Car companies in the US and UK are offering up their manufacturing plants for the production of ventilators, in a bid to assist with growing shortages imposed by the coronavirus crisis.
The movement started when UK Prime Minister Boris Johnson called on local manufacturers to mobilise in order to increase output of the units, which are an essential for critical coronavirus patients who require breathing assistance.
The UK's Financial Times reported that in a conference call with heads of big engineering companies, the Johnson said more than 20,000 ventilators need to be created "from scratch".
“As a British company, naturally, we will do whatever we can to support our communities during these unprecedented times,” a Jaguar Land Rover spokesperson told Bloomberg.
Calling all manufacturers who can support our National Effort for #coronavirus ventilator production - to help, contact Government Business Support team: 0300 456 3565 / email@example.com— Matt Hancock (@MattHancock) March 16, 2020
GM CEO Mary Barra was reportedly the first to suggest the idea in the US, prompting Tesla CEO Elon Musk to swiftly follow suit.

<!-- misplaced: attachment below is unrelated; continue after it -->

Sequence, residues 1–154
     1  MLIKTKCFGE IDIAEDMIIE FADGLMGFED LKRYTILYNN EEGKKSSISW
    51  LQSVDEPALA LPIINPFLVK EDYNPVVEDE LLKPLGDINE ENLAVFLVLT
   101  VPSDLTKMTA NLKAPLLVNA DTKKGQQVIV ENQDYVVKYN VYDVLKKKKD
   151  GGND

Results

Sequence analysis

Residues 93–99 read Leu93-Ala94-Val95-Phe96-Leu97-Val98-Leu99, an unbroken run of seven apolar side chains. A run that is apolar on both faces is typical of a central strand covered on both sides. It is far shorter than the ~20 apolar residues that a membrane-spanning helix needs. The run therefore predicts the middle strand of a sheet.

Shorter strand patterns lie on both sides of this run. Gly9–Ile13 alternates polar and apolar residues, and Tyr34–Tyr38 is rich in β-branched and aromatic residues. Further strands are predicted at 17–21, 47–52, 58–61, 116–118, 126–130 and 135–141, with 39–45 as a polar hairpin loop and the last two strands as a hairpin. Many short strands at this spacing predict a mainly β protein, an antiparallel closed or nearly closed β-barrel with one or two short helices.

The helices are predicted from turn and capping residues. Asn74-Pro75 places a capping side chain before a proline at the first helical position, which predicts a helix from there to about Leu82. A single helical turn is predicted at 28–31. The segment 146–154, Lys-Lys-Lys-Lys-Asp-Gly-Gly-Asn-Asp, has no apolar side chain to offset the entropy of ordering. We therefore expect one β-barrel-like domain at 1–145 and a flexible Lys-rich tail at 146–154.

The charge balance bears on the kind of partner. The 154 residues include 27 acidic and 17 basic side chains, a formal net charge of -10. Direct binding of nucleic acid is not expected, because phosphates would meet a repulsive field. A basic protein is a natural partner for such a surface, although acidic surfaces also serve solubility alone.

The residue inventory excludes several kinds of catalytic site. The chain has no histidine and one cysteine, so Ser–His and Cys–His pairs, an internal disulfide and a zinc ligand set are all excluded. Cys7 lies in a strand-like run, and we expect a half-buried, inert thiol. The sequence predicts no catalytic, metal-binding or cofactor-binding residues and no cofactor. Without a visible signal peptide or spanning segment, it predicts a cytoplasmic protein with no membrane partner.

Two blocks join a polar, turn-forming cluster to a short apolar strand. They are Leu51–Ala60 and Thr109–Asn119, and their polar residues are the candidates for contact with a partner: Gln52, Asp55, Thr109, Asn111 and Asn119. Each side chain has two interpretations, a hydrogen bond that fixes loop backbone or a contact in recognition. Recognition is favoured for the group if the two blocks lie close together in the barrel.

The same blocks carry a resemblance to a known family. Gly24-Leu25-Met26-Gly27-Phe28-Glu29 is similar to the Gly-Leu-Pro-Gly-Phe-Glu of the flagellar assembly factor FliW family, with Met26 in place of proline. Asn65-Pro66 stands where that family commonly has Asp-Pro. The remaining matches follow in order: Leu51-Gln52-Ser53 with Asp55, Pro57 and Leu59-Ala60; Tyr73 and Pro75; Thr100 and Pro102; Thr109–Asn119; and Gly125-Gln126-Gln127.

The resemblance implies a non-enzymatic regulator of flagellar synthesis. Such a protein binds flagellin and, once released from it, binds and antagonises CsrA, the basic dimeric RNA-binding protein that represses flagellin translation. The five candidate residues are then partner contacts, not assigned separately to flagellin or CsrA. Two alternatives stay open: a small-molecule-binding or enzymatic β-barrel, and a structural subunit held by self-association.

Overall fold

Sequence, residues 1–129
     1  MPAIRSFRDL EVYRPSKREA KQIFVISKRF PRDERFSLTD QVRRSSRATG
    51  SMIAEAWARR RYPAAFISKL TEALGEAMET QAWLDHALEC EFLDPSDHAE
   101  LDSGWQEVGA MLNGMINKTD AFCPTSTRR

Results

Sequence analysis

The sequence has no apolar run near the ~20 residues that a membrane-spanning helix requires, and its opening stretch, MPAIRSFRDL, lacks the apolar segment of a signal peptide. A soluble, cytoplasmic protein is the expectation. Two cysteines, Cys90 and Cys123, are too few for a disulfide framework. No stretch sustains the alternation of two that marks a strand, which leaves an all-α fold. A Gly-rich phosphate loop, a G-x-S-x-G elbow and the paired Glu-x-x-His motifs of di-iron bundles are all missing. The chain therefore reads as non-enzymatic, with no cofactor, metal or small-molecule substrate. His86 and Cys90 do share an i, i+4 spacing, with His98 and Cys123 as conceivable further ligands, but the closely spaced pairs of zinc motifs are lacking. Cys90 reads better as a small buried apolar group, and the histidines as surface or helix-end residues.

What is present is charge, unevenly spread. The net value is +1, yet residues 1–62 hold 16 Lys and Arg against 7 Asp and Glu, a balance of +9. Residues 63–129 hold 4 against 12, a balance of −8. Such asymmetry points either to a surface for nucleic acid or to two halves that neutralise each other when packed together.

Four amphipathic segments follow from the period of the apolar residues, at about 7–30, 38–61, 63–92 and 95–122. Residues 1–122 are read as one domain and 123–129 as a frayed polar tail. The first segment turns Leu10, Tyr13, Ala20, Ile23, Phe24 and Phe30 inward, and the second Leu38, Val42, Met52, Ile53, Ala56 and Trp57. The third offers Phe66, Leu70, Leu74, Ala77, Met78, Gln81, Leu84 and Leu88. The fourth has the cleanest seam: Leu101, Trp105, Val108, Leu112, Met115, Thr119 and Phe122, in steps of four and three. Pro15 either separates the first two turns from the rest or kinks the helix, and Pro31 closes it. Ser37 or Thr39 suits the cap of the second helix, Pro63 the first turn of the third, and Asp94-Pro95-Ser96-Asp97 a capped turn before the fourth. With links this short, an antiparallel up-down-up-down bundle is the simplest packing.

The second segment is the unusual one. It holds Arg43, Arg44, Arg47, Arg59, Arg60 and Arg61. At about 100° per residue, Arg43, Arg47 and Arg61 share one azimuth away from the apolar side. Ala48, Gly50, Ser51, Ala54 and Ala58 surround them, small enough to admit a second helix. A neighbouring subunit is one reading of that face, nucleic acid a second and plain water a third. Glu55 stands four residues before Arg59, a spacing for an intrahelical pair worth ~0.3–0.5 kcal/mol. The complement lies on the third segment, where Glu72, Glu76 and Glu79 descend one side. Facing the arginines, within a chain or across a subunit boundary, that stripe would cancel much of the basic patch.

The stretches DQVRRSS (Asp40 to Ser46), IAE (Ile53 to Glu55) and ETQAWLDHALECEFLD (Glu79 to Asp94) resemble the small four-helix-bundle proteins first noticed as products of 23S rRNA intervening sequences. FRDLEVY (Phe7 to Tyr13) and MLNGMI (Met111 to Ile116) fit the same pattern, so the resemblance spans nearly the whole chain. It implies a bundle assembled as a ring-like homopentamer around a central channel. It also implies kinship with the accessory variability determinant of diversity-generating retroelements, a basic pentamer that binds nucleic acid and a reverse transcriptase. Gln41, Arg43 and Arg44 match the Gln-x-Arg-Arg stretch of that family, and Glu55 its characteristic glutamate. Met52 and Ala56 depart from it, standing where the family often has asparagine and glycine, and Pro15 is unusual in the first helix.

Barra said GM could "use some of its excess factory space to build ventilators and has people looking into how that would be done" in a private conversation, Bloomberg reported.
When Twitter users urged Musk to follow suit, he tweeted that Tesla was also available for ventilator production.
"Tesla makes cars with sophisticated hvac systems. SpaceX makes spacecraft with life support systems. Ventilators are not difficult, but cannot be produced instantly. Which hospitals have these shortages you speak of right now?" Musk wrote.
We will make ventilators if there is a shortage— Elon Musk (@elonmusk) March 19, 2020
Ford also offered their services in a statement, saying: "As America’s largest producer of vehicles and top employer of autoworkers, Ford stands ready to help the administration in any way we can, including the possibility of producing ventilators and other equipment."
GM and Ford have both temporarily halted manufacturing work in the US, while Tesla only recently agreed to suspend production at its California factory after initially resisting calls to close.
Some manufacturing executives (who are not necessarily from the car sector) have reportedly expressed concerns over creating ventilators "from scratch" without a certified, licensed design, telling the Financial Times they can't just "make one up".
While UK PM Johnston and US President Donald Trump are both yet to officially take up any of the companies on their offers, the notion is reminiscent of Detroit's auto manufacturers mobilising to create army vehicles during World War Two.
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